Review: I Declare War

I saw I Declare War at Actionfest last year where it won the festival’s Best Picture and Best Screenplay awards. I was excited that Drafthouse Films picked up the movie so everyone would get a chance to see it, and its legit release gives me a chance to expand on my views. This is the kind of special movie that plays at film festivals so if you want to know why I keep going to all these places looking for films you’ve never heard of, this is one example. Writer/director Jason Lapeyre and co-director Robert Wilson made a movie with unknown kids that’s thrilling, intelligent and emotional.

Kids play a war game in the woods, following strategic tactics more comprehensive than most of the graphic grown-up war movies, and follow the sincere conventions of the genre. PK (Gage Munroe) leads our heroic group while the bullyish Skinner (Michael Friend) leads their opponents. Their toy guns and balloon grenades become real military props and pyrotechnic explosions on film, which is a cute visual but the beauty of the film is in treating this backyard game with the gravitas of a movie starring adults and lots of blood.

In fact, the only criticism I have is that an animated credits sequence explains the rules of the war game. I think it was clear from the action of the movie itself. We see a kid who got “shot” count to 10 before getting up, while his opponent calls for a grenade. So we can see that a gunshot equals a 10 count, and you’re only “dead” if you get hit by a grenade. We could have figured out that each team has a flag just by following along, but it’s okay. Now no one can possibly complain they don’t understand the rules, because there’s a nifty sequence that explains how this game is played.

The players all respect the rules, although each side finds ways to manipulate them. Skinner comes up with taking a prisoner, which isn’t necessarily allowed but it isn’t expressly forbidden. PK is basically a military genius who calls in ringers and figures out the upheavals going on in Skinner’s camp. He studies real war strategies and applies them to his game. PK also outsmarts his soldier’s “Would You Rather” game, which I love. I like how this kid thinks, so he could be playing war games or LARPing or doing just about anything and I’d want to see how he circumvents the linear path.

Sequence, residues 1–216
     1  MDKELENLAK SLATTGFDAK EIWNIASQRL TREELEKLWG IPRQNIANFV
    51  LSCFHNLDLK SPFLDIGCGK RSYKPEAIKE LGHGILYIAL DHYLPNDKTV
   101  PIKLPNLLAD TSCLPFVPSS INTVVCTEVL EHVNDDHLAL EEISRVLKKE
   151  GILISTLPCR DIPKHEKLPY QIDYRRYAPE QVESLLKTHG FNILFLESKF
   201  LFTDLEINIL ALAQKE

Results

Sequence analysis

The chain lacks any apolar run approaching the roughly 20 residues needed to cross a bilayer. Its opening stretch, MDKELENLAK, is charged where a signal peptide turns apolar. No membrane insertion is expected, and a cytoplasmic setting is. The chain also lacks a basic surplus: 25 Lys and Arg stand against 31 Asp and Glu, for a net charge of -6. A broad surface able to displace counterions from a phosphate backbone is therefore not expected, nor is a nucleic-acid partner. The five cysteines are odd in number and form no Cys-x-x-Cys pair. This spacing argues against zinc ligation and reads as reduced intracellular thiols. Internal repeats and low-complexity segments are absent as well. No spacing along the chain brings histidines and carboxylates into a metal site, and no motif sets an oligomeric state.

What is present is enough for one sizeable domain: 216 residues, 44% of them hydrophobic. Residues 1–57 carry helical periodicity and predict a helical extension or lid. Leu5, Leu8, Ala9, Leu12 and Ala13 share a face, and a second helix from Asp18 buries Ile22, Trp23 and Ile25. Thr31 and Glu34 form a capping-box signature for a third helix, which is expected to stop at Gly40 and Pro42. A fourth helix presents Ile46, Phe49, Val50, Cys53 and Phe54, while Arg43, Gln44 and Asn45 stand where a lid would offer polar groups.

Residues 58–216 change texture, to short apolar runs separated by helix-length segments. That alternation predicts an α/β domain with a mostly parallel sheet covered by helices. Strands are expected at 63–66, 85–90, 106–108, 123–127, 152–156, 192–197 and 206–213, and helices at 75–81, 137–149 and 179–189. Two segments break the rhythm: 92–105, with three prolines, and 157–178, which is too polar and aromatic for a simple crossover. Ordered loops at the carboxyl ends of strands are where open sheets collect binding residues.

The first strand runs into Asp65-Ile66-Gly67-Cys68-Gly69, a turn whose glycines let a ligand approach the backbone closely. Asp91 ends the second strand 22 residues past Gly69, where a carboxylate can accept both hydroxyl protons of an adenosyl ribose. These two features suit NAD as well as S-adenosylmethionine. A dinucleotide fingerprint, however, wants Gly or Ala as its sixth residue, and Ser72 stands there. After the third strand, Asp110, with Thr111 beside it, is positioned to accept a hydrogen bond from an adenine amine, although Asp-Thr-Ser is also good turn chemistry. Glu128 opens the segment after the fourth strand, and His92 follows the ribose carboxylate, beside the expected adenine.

Now, they’re all playing with fake guns and balloon grenades so the worst that can happen to anyone is they’re “out” and have to go home, yet those stakes are crucial for the undefeated PK. Yet there is a hint of danger because kids could always take things too far. There’s some roughhousing despite it being “pretend,” and the sequence with the prisoner goes too far because, well, they’re boys. The danger of kids using poor judgment is a palpable threat and it is not abused for the sake of stakes. It is simply a layer in the tension of the war game.

You’ll recognize some war movie moments but you may have to look for them. One character is an altar boy at his church, so they call him Priest (Andy Reid) and he actually brings spirituality into the imaginary foxhole. Several of the kids talk about their plans for after the war game. Whether they win or lose, they’ll hang out and watch a movie, or Jess (Mackenzie Munro) hopes to see France one day. That’s soldiers talking about what they want to do when they get out of the Army. Don’t worry, these kids don’t die like the war movie clichés, but their hopes and dreams are as valid in cinematic terms. I’m not comparing watching DVDs to real soldiers getting home to their loved ones. I’m only noting the application of a cinematic cliché to a youthful format.

There are some real character moments revealed through the mounting tension of the “battle,” and each of the characters in Skinner and PK’s armies is distinct. I appreciate going the extra mile to make I Declare War about something relevant to kids and adult viewers, but the real feat is making a thrilling war movie without any actual bullets or explosions where you’re totally invested in who wins. 

Fred Topel is a staff writer at CraveOnline and the man behind Shelf Space Weekly. Follow him on Twitter at @FredTopel.